I don’t always succeed but I do give every fiber of my being within myself to keep the evilness inside of me caged. That is what BPD is to me…pure unadulterated evil. Evil that I never asked for, or deserved, but was given at the age most toddlers are learning to love, trust others and to believe in themselves.

While trying to minimalize the damage I do with my venomous words and unfettered rage, I am eviscerated psychologically and emotionally a bit more each time I am unable to contain it. Being left exhausted and numb for days on end from the savage battle that I have just waged inside.

I witness things in my nightmares that any sane human is not programmed to see and ever be normal again. Alas, I try to never burden a single soul with the horrific recollections of them. I bury them deep, deep down inside so the ones I love the most (my spouse, my family, my children) who are on the front lines of this disorder whether they want to be or not, never really know the scope and depth of the psychological pain I never asked for or wanted but carry around like Atlas, with the constant weight of the world on my shoulders.

For those I love, I will always run head first toward the Borderline monster and fight it with savagery of a woman possessed.

Just to walk a very thin tightrope on the opposite side of what society deems normal is a delicate and brutal dance that I spin to in tune to music that no one else hears, because it plays only in my head.

“And those who were seen dancing were thought to be insane by those who could not hear the music.”

-Friedrich Nietzsche-

I will always fight for what I truly fear. The battle for my sanity. I will always stand between my loved ones and this cruel disorder to the best of my abilities through which the Borderline monster wants to hurt, damage and create chaos with it’s horrible words and behavior against my closest allies. The ones who love me no matter what. Believe it or not, I acknowledge the thing that the vast majority are too soft, too weak or too cowardly to even address. The stigma of mental illness and the toll it takes on those who not only rage a daily battle with it and suffer from it, but also deal with the judgments, cruel words and hurtful comments, complete disdain and/or utter contempt and doubt that there is anything wrong with one at all. “It’s all for attention.” “It’s all in your head (of course it’s all in my head because I wage a daily exhausting war to keep it contained as much as humanly possible to minimize the fallout to the very ones who speak those exact words to me)”. These are the same people who would NEVER ever be able to wrap their condescending, small, judgmental minds around what a day in the life of anyone who has the misfortune to suffer from mental illness, which one has no control over, is like.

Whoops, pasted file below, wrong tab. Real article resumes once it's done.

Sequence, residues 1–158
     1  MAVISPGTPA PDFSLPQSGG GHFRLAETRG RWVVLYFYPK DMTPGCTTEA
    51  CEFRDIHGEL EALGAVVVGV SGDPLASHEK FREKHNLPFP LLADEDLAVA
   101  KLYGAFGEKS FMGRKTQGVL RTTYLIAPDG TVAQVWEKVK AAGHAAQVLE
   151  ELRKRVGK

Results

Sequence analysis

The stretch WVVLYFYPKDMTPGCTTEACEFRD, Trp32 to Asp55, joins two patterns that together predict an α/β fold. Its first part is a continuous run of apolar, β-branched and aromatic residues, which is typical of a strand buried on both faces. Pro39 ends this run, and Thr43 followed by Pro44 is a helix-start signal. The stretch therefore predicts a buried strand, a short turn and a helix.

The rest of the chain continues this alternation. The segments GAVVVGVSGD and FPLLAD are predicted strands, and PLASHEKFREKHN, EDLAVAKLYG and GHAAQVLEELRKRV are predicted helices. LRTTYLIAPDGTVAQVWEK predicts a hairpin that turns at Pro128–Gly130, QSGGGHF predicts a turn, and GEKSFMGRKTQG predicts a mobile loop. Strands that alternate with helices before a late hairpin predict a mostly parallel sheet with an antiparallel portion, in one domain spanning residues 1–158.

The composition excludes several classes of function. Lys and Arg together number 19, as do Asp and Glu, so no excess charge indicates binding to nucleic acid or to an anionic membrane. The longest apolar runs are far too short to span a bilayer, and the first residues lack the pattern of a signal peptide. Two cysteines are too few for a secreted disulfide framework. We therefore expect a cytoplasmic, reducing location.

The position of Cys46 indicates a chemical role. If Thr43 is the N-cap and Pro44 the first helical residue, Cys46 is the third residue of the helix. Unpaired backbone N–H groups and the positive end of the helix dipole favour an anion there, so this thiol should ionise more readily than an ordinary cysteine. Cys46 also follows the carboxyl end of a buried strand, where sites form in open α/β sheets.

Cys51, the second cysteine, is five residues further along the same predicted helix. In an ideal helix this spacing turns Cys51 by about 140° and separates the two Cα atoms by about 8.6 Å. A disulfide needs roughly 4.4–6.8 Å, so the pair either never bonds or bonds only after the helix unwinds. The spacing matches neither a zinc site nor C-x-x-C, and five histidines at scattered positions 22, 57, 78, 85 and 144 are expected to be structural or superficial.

To my fellow sufferers of ANY and ALL types of psychological disorders, we are the beautiful ones though. The ones that battle mind numbing psychological pain that more times than not manifests itself into mind numbing physical pain who still find enough beauty in this world to smile at a stranger or offer a kind word to those that we can inherently feel may need them.

The current political climate in this country and on a much greater scale this whole world holds very little near and dear, that is except the almighty dollar and ones personal smartphones, iPads, PC’s and other technologies that lessen the interaction and the necessary skills it takes to navigate this life in the midst of one another. This age of technology and vitriol is robbing mankind of its humanity just as BPD tries to rob me of mine. It is there, that we the ones that suffer the burden of mental illness, in the time of our darkest hours, feel every bit of our humanity, because our pain at least let’s us know we are still able to feel anything at all in the times that we must totally mentally disconnect to keep us sane. The pain. It lets us know we are still alive.

Submission is the popular mantra of the times. I will NEVER submit to my illness or the stigma attached to it.

Warriors are decried, denigrated, and cast as morally inferior in the world today. Warriors come from many walks of life, genders, faiths and occupations, but let’s not forget us, the warriors of illnesses. Physical and mental. The ones who fight through the fear, trauma, pain, exhaustion and for some, ridicule. These warriors fight monsters too. Theirs may not be made of flesh and blood but are nonetheless just as real.